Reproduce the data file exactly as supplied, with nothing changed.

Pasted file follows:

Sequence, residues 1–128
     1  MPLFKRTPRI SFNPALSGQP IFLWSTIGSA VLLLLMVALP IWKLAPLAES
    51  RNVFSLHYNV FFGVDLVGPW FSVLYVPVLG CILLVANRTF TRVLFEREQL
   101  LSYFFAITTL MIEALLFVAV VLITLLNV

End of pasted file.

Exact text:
Sequence, residues 1–128
     1  MPLFKRTPRI SFNPALSGQP IFLWSTIGSA VLLLLMVALP IWKLAPLAES
    51  RNVFSLHYNV FFGVDLVGPW FSVLYVPVLG CILLVANRTF TRVLFEREQL
   101  LSYFFAITTL MIEALLFVAV VLITLLNV